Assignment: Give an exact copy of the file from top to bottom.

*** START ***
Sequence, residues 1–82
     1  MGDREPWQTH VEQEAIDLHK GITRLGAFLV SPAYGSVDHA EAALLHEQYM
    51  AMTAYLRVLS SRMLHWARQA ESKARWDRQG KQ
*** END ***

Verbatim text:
Sequence, residues 1–82
     1  MGDREPWQTH VEQEAIDLHK GITRLGAFLV SPAYGSVDHA EAALLHEQYM
    51  AMTAYLRVLS SRMLHWARQA ESKARWDRQG KQ